[Strawbale] OSB in detail
ArchiLogic at yahoo...
Wed Dec 8 19:53:32 CET 2010
On Tue, 07 Dec 2010 16:12:55 -0500, Derek Roff <derek at unm...> wrote:
<snipped,mangled & pasted>
( for full text of message, see:
> --On Tuesday, December 7, 2010 8:06 PM +0100 asbn <asbn at baubiologie...>
>> I would like to have a completely natural structural board instead of
>> OSB, but we didn't find a board with the same advantages and a
>> similar price.
> This described sequence of motivation, analysis, and product selection
> is at the root of so many of our problems in the world.
> I don't think it is possible to be active in the world ofgreen building,
> and also be free of compromises with companies andproducts
Which brings us back to the original point which started the thread that
started this thread:
"OSB or Not ?"
It is entirely possible to build SB walls that are structurally sound and
air-tight without utilising OSB.
In fact, SB walls built using wet-applied plaster instead of OSB can be
better structurally, will almost always have a significantly better
thermal resistance value (see note below), are less difficult to make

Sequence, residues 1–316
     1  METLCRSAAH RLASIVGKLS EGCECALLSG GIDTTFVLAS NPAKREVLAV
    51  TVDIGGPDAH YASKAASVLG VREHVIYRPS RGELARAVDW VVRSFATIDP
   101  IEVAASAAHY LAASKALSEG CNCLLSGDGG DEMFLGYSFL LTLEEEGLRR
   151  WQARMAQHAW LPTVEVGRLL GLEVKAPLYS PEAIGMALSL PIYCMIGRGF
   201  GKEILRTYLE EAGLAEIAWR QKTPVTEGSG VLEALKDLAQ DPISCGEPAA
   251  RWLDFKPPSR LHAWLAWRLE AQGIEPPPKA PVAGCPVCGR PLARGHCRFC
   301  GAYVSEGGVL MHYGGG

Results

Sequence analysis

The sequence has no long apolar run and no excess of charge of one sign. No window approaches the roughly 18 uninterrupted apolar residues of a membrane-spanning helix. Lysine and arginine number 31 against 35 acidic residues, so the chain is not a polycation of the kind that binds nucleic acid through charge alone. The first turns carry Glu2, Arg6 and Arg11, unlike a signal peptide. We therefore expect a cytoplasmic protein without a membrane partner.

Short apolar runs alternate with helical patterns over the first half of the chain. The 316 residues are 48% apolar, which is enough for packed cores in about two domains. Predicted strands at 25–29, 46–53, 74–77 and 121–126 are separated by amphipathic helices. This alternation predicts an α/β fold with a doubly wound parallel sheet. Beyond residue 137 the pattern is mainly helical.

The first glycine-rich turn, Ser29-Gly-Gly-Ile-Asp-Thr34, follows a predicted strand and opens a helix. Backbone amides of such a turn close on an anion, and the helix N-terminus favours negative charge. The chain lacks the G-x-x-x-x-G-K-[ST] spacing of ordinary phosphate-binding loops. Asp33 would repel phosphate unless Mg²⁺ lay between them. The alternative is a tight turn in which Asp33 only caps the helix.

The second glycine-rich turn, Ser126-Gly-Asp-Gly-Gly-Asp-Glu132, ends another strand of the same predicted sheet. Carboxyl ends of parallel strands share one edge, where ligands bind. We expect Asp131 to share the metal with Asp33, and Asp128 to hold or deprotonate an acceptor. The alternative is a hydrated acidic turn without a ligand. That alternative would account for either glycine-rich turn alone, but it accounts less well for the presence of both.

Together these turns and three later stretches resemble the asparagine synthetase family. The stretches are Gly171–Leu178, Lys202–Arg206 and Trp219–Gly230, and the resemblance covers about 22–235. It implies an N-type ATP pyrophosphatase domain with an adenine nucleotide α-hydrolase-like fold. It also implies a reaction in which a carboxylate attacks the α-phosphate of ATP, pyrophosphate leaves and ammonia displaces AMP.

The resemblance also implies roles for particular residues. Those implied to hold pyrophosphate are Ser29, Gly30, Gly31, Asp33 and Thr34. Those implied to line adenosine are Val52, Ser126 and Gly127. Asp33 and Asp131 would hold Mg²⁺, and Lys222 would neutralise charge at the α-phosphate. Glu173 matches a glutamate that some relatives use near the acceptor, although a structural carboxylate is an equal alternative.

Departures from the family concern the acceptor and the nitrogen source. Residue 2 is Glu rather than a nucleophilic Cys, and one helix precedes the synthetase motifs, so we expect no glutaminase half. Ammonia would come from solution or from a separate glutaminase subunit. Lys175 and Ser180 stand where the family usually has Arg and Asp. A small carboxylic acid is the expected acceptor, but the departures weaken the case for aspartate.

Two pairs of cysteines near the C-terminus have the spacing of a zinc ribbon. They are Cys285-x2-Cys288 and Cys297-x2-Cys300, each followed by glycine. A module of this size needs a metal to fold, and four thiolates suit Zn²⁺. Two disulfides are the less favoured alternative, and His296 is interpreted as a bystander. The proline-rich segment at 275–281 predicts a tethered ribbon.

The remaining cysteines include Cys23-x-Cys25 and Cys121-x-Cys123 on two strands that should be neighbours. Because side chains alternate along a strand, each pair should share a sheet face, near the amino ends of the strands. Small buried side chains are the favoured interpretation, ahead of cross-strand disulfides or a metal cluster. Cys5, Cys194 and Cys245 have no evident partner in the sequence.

air-tight and depending upon the type and thickness of the plaster used,
will be clad in a skin that is more vapour permeable.
OTOH, most plasters will not have any traces of noxious chemicals like
phenols, formaldehydes, diphenylmethanes, diisocyanates etc. that are
commonly found in OSB.
(For those who aren't already aware, "Material Safety Data Sheets" (MSDS)
are available for all manufactured products (ie simply Google "MSDS
Oriented Strand Board" in this instance) and they list & describe all of
the potential health hazards associated with that product.)
It seems that including OSB in a SB wall creates more problems than it
This is the Note Below
I don't know if EuroBaleHeads are aware of the first set of thermal
resistance tests that were performed on SB wall panels at the Oak Ridge
National Laboratory (ORNL) back in the previous millennium which resulted
in alarmingly low thermal resistance values for the SB walls tested.
I forget what the actual test results were (something like R-10
ft^2*hr*degF/Btu (or RSI -1.76 m^2*degC/W in metric units) or less if I
recall correctly ? (Hoping someone will correct me with the actual number)
... but I do recall that it was lower than the thermal resistance of a
conventional wood-framed/fibre batt-insulated wall using skinny 2x4 (38 x
89 mm) studs.
I also remember that the reason for the disgustingly low thermal
resistance value of those first SB test wall panels was attributed to
their being clad with gypsum board sheathing rather than wet-applied
plaster and that since the board sheathing could not conform to the
irregular surface of the SB, allowed air movement to occur at the
cladding/SB interface so that thermal resistance-lowering convection
currents occurred within the SB wall.
I suspect that the identical process would occur when OSB is substituted
for gypsum board sheathing.
=== * ===
Kanata, Ontario, Canada
< A r c h i L o g i c at Y a h o o dot c a >
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